The Inspiration Behind 'Lost Buxton'

By: Rachelle Chase, author of Lost Buxton


My first glimpse of what remained of Buxton, Iowa came in 2008.  Standing in the middle of farmland, gazing at the crumbling ruins of a stone warehouse, I closed my eyes and tried to picture the amazing town that once was – a thriving coal mining town established in 1900 that was integrated, its 5,000 residents, of which 55% were African American, living and working side by side. I tried to see the company store, filled with quality goods brought by rail from Chicago, New York, and St. Louis.
 


Monroe Mercantile Company Store, photograph courtesy John Jacobs


 
I tried to see the three-story YMCA, with its library, reading room, and parlor, complete with a mahogany pianola, oak tables, throw rugs, and leather couches. I tried to hear the men playing basketball or shooting pool, reading Chicago newspapers or the Scientific American magazine and the residents watching movies in the auditorium. In the “little Y” next door, I tried to see the young boys swimming in the pool and the families roller skating upstairs and, on weekend nights, the band playing and the adults dancing.




Men and Boy’s YMCA, photograph courtesy State Historical Society of Iowa – Des Moines


 
But most of all, as I listened to the leaves of cornstalks rustling in the wind, I tried to imagine what it must’ve felt like for the African American residents to enjoy all this. At a time when Jim Crow kept blacks and whites physically and socially separated in every way and prevented blacks from using public facilities or patronizing private businesses and when merely being accused of disobeying Jim Crow resulted in them being threatened, beaten, imprisoned, losing their property, or being killed, what did it feel like to live in the same 1-1/2 story house as their white neighbors?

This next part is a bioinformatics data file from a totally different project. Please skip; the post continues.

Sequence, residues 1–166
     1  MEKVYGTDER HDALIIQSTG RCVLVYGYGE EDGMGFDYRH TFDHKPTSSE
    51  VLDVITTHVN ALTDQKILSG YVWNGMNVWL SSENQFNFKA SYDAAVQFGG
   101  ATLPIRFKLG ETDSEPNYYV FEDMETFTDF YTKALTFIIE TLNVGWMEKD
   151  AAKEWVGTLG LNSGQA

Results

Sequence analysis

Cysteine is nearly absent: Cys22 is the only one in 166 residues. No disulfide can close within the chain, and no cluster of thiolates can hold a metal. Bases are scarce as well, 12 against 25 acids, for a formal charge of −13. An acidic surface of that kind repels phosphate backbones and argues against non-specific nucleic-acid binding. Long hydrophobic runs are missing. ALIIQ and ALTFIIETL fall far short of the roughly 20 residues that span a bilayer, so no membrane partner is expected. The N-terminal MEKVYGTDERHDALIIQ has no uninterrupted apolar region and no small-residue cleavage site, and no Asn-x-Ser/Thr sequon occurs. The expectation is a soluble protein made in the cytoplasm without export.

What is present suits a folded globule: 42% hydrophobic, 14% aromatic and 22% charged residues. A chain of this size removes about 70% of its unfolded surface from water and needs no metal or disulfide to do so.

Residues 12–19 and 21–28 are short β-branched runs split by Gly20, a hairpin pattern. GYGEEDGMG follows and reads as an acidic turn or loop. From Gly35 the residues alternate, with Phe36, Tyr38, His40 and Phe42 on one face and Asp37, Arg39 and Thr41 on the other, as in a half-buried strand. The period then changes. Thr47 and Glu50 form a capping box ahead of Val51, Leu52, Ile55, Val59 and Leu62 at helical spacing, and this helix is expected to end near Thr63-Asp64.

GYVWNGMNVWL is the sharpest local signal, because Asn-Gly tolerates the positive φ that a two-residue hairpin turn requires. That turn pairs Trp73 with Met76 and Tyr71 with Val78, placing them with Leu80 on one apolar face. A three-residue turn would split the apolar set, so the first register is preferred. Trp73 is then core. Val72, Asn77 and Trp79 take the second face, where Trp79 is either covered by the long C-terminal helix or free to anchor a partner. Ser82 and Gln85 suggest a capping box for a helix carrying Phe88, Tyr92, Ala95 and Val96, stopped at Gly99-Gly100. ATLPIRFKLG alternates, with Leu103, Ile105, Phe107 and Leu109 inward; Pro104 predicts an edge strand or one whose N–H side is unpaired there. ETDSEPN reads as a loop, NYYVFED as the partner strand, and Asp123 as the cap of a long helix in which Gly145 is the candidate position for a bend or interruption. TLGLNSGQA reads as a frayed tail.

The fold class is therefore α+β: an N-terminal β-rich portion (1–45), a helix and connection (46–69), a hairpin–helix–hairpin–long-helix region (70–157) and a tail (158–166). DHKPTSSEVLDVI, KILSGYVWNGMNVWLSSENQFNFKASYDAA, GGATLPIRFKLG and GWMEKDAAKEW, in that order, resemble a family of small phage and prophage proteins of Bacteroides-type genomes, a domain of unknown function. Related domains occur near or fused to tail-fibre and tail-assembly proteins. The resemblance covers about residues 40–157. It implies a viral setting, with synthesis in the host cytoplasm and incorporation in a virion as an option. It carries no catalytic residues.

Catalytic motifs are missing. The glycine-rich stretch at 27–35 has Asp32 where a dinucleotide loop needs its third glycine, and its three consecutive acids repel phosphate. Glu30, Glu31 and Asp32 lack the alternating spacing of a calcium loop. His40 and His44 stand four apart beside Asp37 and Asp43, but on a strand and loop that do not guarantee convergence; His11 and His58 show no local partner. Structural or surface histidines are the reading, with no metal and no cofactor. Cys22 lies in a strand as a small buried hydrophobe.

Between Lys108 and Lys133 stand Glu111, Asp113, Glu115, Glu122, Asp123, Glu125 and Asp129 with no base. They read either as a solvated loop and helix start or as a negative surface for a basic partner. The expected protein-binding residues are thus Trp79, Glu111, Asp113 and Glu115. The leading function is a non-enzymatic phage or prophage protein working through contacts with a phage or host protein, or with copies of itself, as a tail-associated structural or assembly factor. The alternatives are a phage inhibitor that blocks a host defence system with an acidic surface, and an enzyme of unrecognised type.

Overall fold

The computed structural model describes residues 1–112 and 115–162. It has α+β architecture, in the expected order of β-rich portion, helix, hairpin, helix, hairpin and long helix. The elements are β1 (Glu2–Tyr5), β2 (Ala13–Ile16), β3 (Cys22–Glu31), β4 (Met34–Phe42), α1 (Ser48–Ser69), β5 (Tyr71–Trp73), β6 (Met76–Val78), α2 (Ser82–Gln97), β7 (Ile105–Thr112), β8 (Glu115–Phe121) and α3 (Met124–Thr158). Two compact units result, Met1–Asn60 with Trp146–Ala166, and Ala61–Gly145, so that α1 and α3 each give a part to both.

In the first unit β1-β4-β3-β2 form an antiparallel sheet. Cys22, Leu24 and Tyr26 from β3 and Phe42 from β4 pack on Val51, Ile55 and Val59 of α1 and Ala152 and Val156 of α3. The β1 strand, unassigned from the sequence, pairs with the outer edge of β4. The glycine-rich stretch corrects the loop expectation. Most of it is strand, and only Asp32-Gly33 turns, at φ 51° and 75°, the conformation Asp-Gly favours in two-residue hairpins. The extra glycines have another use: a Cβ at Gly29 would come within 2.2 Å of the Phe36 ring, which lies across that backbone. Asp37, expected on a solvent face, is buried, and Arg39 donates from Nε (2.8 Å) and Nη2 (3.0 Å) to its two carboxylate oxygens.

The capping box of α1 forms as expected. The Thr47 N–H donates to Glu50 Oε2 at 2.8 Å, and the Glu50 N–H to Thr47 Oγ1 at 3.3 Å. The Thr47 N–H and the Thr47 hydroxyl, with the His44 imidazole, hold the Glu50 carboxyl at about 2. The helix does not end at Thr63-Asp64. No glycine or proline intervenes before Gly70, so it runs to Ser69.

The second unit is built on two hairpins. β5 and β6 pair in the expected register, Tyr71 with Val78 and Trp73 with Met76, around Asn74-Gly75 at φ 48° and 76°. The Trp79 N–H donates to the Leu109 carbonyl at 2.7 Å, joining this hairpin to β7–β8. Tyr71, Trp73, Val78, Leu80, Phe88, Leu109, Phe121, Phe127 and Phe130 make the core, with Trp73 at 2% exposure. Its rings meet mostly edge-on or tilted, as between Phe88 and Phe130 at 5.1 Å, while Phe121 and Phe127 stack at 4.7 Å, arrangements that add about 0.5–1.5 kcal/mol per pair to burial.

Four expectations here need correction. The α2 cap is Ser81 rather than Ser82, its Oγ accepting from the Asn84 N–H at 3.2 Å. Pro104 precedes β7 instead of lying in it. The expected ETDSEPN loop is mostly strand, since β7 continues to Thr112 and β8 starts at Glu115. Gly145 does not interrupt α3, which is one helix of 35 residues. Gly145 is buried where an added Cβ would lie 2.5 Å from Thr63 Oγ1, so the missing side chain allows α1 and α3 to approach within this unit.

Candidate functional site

View from Water Tower, photograph courtesy State Historical Society of Iowa – Iowa City


 
What did it feel like to not only shop at the company store, but to work there—to be one of 18 African American clerks out of 85? What did it feel like to not only use the YMCA, but to run it because it was built for your use? What did it feel like not to be forced to take a menial job for low wages but instead to be paid the same wage and thrive as a miner, doctor, lawyer, teacher, constable, or pharmacist, or to own a hotel, restaurant, meat market, grocery store, millinery shop, or rental property?

 


Panoramic view of Buxton, Iowa, photograph courtesy the Lemberger Collection


 
After I left Buxton and returned to California, the questions continued to haunt me. Each time I returned to Iowa to visit my friends, historians Michael and LeAnn Lemberger, I would drive 1.5 hours to the State Historical Society of Iowa and listen to audiotapes and read transcripts of former Buxton residents. I didn’t know why I was doing it or what I would do with the information I was collecting. Until 2014 when I moved to Iowa: I decided Buxton was a story that must be told—not in my words, but rather in the words of those who had lived there. Arcadia Publishing let me do that and LOST BUXTON was born.
 

Through the use of quotes from former residents and extracts from newspaper articles under each photograph, it is my hope that LOST BUXTON will give readers a glimpse of this fascinating town that no longer exists through the words of people who are long gone.

 


 
Posted: 3/27/2017 12:00:00 AM| with 0 comments


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